Header

UZH-Logo

Maintenance Infos

Referral for cardiac rehabilitation after acute myocardial infarction: Insights from nationwide AMIS Plus registry 2005-2017


Hermann, Matthias; Witassek, Fabienne; Erne, Paul; Radovanovic, Dragana; Rickli, Hans (2018). Referral for cardiac rehabilitation after acute myocardial infarction: Insights from nationwide AMIS Plus registry 2005-2017. International Journal of Cardiology, 261:1-5.

Abstract

BACKGROUND Referral rates for cardiac rehabilitation (CR) after an acute myocardial infarction (AMI) are low despite a Class I recommendation in the present guidelines. Therefore, we aimed to identify predictors for referral and patient characteristics from the national Swiss AMIS Plus registry. DESIGN AND METHODS Data were extracted from the Swiss AMIS Plus registry between 2005 and 2017, which included patients with ST-elevation myocardial infarction (STEMI) and Non-ST-elevation myocardial infarction (NSTEMI). For 32,416 patient (93.2%) data about destination at discharge were available with 10,940 (33.7%) having a recommendation for CR while 12,282 (37.9%) went home. 9194 (28.4%) were transferred to another hospital after index hospitalisation and were excluded. RESULTS Patients referred to CR were younger (62.6 vs. 68.2 years) and had a higher prevalence of obesity (22.0% vs. 20.4%). Except for smoking (44.0% vs 34.9%), they had less risk factors such as dyslipidemia (55.0% vs. 60.1%), hypertension (55.6% vs. 65.3%) and diabetes (16.7% vs. 21.5%). Patients with in-hospital complications were more likely being referred for CR. Furthermore, STEMI (OR 1.61; CI 1.52-1.71), performed PCI (OR 2.65; CI 2.42-2.90) and Killip class >2 (OR 1.58; CI 1.36-1.84) favoured referral for CR, while age > 65 years, previous myocardial infarction, cerebrovascular disease or peripheral artery disease had a negative impact on referral for CR. CONCLUSIONS Our data from 23,222 patients after AMI demonstrate that in Switzerland patients referred for CR are younger, more obese with more STEMI. In-hospital complications were strong predictors for CR recommendation. Unlike anticipated, other risk factors were less present in CR patients.

Abstract

BACKGROUND Referral rates for cardiac rehabilitation (CR) after an acute myocardial infarction (AMI) are low despite a Class I recommendation in the present guidelines. Therefore, we aimed to identify predictors for referral and patient characteristics from the national Swiss AMIS Plus registry. DESIGN AND METHODS Data were extracted from the Swiss AMIS Plus registry between 2005 and 2017, which included patients with ST-elevation myocardial infarction (STEMI) and Non-ST-elevation myocardial infarction (NSTEMI). For 32,416 patient (93.2%) data about destination at discharge were available with 10,940 (33.7%) having a recommendation for CR while 12,282 (37.9%) went home. 9194 (28.4%) were transferred to another hospital after index hospitalisation and were excluded. RESULTS Patients referred to CR were younger (62.6 vs. 68.2 years) and had a higher prevalence of obesity (22.0% vs. 20.4%). Except for smoking (44.0% vs 34.9%), they had less risk factors such as dyslipidemia (55.0% vs. 60.1%), hypertension (55.6% vs. 65.3%) and diabetes (16.7% vs. 21.5%). Patients with in-hospital complications were more likely being referred for CR. Furthermore, STEMI (OR 1.61; CI 1.52-1.71), performed PCI (OR 2.65; CI 2.42-2.90) and Killip class >2 (OR 1.58; CI 1.36-1.84) favoured referral for CR, while age > 65 years, previous myocardial infarction, cerebrovascular disease or peripheral artery disease had a negative impact on referral for CR. CONCLUSIONS Our data from 23,222 patients after AMI demonstrate that in Switzerland patients referred for CR are younger, more obese with more STEMI. In-hospital complications were strong predictors for CR recommendation. Unlike anticipated, other risk factors were less present in CR patients.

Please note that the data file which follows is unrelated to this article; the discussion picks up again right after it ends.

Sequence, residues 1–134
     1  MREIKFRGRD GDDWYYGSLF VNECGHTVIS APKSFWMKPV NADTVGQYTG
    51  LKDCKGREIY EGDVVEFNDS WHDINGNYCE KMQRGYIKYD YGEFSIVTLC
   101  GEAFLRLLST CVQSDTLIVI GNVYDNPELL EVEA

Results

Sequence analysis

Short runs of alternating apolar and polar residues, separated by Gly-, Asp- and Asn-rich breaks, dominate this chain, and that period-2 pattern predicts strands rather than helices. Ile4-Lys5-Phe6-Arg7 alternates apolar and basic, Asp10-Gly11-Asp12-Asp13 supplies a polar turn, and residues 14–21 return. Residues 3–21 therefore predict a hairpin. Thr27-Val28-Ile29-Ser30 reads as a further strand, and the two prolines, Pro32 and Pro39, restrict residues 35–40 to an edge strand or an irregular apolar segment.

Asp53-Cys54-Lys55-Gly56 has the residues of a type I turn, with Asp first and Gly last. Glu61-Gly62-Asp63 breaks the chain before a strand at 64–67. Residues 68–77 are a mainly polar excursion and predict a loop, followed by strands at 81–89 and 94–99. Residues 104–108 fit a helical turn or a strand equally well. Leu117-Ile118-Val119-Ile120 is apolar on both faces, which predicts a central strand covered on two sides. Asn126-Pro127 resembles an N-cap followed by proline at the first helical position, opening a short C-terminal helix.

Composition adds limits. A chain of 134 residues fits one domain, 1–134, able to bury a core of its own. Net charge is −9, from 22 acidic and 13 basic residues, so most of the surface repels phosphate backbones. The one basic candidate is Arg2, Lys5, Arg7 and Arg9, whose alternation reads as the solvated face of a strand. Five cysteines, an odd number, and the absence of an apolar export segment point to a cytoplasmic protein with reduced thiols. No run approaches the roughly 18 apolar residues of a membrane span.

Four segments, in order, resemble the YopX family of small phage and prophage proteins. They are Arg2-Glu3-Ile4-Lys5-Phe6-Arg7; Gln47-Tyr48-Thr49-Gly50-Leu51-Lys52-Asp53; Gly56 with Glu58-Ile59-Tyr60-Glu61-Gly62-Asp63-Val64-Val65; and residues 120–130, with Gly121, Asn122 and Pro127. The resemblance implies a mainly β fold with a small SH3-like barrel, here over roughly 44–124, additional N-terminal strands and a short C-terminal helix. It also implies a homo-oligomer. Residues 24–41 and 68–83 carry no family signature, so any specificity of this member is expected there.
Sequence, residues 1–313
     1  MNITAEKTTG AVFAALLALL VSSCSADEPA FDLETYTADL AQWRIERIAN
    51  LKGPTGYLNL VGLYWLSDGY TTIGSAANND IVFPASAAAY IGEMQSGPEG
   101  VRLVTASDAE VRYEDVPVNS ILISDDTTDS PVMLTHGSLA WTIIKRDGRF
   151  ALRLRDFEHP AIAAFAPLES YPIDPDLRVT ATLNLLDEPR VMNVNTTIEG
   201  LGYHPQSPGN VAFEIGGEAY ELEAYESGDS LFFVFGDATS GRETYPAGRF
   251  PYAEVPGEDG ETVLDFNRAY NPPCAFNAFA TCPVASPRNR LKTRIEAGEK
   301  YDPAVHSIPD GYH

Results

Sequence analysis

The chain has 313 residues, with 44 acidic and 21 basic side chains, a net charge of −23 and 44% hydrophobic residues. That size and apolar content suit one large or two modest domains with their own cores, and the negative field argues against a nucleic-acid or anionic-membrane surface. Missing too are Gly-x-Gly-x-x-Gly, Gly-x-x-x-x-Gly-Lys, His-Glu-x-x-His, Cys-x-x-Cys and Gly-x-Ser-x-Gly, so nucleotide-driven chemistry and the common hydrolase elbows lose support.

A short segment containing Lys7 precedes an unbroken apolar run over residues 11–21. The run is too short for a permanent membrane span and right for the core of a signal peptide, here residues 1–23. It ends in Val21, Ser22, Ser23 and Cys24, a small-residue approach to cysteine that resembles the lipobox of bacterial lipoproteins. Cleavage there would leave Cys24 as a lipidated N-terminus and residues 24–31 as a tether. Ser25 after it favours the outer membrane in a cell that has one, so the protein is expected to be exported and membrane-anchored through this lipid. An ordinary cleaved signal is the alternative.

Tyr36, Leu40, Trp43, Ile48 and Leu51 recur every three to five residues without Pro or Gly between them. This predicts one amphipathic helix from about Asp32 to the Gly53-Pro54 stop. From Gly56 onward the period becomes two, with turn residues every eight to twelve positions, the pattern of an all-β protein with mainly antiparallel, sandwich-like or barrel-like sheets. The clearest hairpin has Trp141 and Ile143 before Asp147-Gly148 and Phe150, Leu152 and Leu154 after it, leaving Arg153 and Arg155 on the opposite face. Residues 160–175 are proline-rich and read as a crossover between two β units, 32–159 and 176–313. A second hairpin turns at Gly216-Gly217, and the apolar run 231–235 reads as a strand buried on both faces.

Statistics

Citations

Dimensions.ai Metrics
3 citations in Web of Science®
3 citations in Scopus®
Google Scholar™

Altmetrics

Downloads

1 download since deposited on 30 Jan 2019
1 download since 12 months
Detailed statistics

Additional indexing

Item Type:Journal Article, refereed, original work
Communities & Collections:04 Faculty of Medicine > Epidemiology, Biostatistics and Prevention Institute (EBPI)
04 Faculty of Medicine > University Hospital Zurich > Clinic for Cardiology
Dewey Decimal Classification:610 Medicine & health
Language:English
Date:15 June 2018
Deposited On:30 Jan 2019 14:30
Last Modified:31 Jan 2019 08:38
Publisher:Elsevier
ISSN:0167-5273
OA Status:Closed
Publisher DOI:https://doi.org/10.1016/j.ijcard.2018.01.096
PubMed ID:29657032

Download